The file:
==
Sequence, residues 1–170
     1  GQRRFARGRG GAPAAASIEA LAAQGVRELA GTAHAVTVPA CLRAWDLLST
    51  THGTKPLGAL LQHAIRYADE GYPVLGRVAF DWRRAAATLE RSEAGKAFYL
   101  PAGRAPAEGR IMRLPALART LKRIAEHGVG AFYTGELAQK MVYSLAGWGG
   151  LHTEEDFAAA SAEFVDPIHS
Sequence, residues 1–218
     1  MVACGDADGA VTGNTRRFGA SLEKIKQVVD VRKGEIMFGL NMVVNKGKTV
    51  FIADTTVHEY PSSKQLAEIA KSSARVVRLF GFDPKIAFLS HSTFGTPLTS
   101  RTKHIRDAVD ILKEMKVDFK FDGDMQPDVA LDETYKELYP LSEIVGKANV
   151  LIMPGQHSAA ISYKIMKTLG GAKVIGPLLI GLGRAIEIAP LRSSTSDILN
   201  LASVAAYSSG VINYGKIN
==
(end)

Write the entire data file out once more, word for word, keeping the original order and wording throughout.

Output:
Sequence, residues 1–170
     1  GQRRFARGRG GAPAAASIEA LAAQGVRELA GTAHAVTVPA CLRAWDLLST
    51  THGTKPLGAL LQHAIRYADE GYPVLGRVAF DWRRAAATLE RSEAGKAFYL
   101  PAGRAPAEGR IMRLPALART LKRIAEHGVG AFYTGELAQK MVYSLAGWGG
   151  LHTEEDFAAA SAEFVDPIHS
Sequence, residues 1–218
     1  MVACGDADGA VTGNTRRFGA SLEKIKQVVD VRKGEIMFGL NMVVNKGKTV
    51  FIADTTVHEY PSSKQLAEIA KSSARVVRLF GFDPKIAFLS HSTFGTPLTS
   101  RTKHIRDAVD ILKEMKVDFK FDGDMQPDVA LDETYKELYP LSEIVGKANV
   151  LIMPGQHSAA ISYKIMKTLG GAKVIGPLLI GLGRAIEIAP LRSSTSDILN
   201  LASVAAYSSG VINYGKIN